Pillbox

Beating the winter blues

Exercising can help keep your spirits up during the cold winter months. (credit: File Photo) Exercising can help keep your spirits up during the cold winter months. (credit: File Photo)

Is your 8 a.m. class in Wean Hall consistently ruining your mood? Perhaps the seasonal lack of sunlight is casting a cloud of dreariness over your day. Between the new semester, the cold weather, and the short days, January may feel like a fairly dismal month thus far. However, there are some methods to boost your mood during the winter season.

Wake Up on Time

As tempting as it may be to hit the snooze button on your alarm just a few more times, that extra hour of sleep may be contributing to your winter blues. Oversleeping has been linked to depression, and, according to WebMD, can make your depression worse, since regular sleep patterns are important to the recovery process. So instead of sleeping in until 4 p.m. next weekend, try setting your alarm for 11 a.m. and spending more time awake. You might be surprised by how much better you feel, and how much more you might get accomplished that day.

Go to the Gym

Exercise releases endorphins, which are neurotransmitters that cause you to feel euphoric. If the idea of working out seems daunting, try to make it a social event: Find a friend who would be willing to go jog on the treadmills in the University Center with you once a week. Not only will you get to socialize, but you’ll also get off the treadmill feeling ready to take on the world.

Turn on the Lights

One of the main reasons people feel depressed during the winter is the lack of sunlight. According to MayoClinic.com, the decrease of sunlight during the winter may cause your serotonin levels to drop, directly affecting your mood. Although artificial light isn’t a perfect substitute for natural sunlight, staying in bright environments will help minimize depressive symptoms. So, next time you’re playing Call of Duty or writing a paper, don’t do it in the dark.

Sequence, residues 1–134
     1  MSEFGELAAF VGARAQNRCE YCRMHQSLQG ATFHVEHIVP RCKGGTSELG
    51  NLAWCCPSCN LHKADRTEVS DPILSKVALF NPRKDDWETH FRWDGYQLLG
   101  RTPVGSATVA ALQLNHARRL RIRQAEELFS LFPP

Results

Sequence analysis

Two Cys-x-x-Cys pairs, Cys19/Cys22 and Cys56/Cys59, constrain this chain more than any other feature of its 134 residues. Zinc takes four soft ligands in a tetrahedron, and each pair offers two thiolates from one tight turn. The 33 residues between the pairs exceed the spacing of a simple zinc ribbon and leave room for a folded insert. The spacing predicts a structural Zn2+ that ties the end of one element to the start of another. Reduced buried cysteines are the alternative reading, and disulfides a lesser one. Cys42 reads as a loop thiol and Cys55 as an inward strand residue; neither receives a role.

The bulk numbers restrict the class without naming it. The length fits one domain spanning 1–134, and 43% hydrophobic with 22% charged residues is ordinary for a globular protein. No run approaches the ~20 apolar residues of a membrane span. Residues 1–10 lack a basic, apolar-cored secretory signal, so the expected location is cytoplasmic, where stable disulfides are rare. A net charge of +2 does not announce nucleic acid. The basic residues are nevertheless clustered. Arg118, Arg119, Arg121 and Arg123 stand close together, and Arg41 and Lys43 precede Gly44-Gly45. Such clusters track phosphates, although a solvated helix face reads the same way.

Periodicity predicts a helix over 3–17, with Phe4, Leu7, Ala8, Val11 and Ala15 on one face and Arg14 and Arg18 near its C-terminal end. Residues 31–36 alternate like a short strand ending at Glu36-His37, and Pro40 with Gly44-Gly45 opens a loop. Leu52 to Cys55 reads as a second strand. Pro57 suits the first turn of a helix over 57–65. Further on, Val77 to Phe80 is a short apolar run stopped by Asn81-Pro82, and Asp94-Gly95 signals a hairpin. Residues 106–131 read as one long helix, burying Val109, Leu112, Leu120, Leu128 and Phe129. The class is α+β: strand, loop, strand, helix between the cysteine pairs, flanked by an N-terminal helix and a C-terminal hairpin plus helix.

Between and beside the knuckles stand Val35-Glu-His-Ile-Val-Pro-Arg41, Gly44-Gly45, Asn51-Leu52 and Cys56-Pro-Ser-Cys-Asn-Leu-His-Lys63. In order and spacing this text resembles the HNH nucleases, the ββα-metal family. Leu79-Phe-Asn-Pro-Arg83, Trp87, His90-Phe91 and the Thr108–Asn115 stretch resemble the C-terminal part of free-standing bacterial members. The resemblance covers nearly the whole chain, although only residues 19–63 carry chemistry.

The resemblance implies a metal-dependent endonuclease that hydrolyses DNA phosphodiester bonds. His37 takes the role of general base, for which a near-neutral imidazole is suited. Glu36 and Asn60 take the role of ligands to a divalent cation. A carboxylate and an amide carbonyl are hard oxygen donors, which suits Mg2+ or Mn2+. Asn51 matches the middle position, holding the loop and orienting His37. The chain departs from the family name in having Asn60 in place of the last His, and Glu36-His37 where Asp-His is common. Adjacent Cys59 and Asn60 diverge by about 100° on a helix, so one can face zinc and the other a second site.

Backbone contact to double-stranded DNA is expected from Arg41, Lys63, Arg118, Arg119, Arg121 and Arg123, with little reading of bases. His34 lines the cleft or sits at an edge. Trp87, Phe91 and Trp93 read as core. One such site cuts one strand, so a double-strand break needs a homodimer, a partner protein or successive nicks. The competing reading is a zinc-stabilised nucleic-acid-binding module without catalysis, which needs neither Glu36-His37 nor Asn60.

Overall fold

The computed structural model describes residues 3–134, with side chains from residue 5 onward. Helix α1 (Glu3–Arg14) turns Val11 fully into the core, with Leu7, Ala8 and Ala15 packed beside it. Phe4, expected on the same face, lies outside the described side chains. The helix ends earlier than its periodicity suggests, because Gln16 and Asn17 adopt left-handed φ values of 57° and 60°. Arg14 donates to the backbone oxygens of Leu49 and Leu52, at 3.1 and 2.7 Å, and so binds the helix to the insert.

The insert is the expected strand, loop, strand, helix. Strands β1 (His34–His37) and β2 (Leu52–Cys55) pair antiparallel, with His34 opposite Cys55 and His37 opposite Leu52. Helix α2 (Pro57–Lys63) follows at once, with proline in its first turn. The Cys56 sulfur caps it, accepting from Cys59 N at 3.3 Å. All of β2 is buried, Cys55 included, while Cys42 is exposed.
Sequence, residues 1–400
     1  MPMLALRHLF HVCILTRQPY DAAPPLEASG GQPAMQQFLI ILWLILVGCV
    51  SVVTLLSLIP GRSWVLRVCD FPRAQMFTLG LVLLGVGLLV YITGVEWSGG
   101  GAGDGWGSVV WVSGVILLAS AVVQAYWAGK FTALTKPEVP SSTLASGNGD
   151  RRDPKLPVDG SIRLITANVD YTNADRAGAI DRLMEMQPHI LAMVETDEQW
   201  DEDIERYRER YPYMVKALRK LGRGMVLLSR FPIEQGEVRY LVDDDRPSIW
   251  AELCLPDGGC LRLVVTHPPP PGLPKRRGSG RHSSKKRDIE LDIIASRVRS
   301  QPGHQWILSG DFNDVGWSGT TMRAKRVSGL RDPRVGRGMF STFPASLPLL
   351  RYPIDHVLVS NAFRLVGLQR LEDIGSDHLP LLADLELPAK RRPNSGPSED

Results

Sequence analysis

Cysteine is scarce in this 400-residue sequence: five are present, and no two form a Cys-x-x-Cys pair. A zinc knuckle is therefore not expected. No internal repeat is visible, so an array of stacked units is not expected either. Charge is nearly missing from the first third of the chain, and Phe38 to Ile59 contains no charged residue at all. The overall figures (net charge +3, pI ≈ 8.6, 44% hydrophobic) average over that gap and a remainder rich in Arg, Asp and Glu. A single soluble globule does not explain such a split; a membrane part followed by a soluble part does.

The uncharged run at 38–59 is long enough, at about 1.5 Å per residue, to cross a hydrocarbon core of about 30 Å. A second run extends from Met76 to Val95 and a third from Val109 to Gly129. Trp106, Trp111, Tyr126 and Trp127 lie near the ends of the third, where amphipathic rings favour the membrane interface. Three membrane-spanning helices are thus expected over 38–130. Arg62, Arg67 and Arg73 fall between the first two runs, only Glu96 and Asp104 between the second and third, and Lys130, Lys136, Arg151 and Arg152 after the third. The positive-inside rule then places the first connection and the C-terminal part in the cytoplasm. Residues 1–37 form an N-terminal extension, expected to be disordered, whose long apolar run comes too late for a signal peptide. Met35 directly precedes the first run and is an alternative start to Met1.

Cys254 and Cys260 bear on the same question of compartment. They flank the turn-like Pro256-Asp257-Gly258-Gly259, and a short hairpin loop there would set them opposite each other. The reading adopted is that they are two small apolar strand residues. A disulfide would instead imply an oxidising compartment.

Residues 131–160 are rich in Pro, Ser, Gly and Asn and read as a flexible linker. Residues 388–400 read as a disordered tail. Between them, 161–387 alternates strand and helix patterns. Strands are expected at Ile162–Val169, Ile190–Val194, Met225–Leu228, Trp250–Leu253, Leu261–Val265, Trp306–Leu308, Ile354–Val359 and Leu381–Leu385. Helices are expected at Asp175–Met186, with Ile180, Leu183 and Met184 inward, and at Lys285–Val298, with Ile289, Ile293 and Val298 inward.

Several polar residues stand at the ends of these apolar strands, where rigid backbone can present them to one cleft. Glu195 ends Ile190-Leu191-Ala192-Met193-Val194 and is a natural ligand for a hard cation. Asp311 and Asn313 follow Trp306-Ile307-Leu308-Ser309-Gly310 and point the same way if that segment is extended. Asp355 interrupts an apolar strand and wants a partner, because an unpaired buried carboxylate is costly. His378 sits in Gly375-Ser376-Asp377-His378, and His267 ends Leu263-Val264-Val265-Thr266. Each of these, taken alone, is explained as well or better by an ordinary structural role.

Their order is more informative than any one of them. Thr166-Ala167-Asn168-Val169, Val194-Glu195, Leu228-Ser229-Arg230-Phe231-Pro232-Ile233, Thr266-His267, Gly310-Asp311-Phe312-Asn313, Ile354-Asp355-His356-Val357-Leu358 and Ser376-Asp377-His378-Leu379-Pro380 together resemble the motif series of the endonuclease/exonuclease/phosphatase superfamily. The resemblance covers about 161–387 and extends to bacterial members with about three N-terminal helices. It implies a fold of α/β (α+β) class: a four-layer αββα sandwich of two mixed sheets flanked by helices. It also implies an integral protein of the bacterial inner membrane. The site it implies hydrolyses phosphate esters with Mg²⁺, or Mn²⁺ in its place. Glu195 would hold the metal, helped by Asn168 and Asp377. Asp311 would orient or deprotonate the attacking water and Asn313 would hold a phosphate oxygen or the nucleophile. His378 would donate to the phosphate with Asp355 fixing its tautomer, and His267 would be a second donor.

Eat More Tuna

Drinking hot chocolate and eating comfort food for dinner may sound appealing, but be careful: Your comforting diet may in fact be the reason you’re feeling so down. According to economii.com, sugary treats and foods with simple carbohydrates, such as bread, may lift your mood temporarily, but will eventually cause your blood sugar to crash, leaving you feeling even more cranky than before. Furthermore, a diet consisting of nothing but carbohydrates can leave you highly susceptible to colds and the flu. Instead, try eating more vegetables and foods high in protein, such as turkey, chicken, or tuna. Not only will they give you more energy, but proteins are also high in tryptophan, which induces hormones that make you feel happier.

Having a consistent sleep schedule, exercising, and eating well should help bust your wintertime blues, or at the very least tide you over until spring break. However, if you find that the wintertime regularly causes you to feel overly anxious or depressed, you might have a medical condition known as seasonal affective disorder. If you think this is the case, Carnegie Mellon’s Counseling and Psychological Services has plenty of resources to help you feel your best throughout the colder months in Pittsburgh.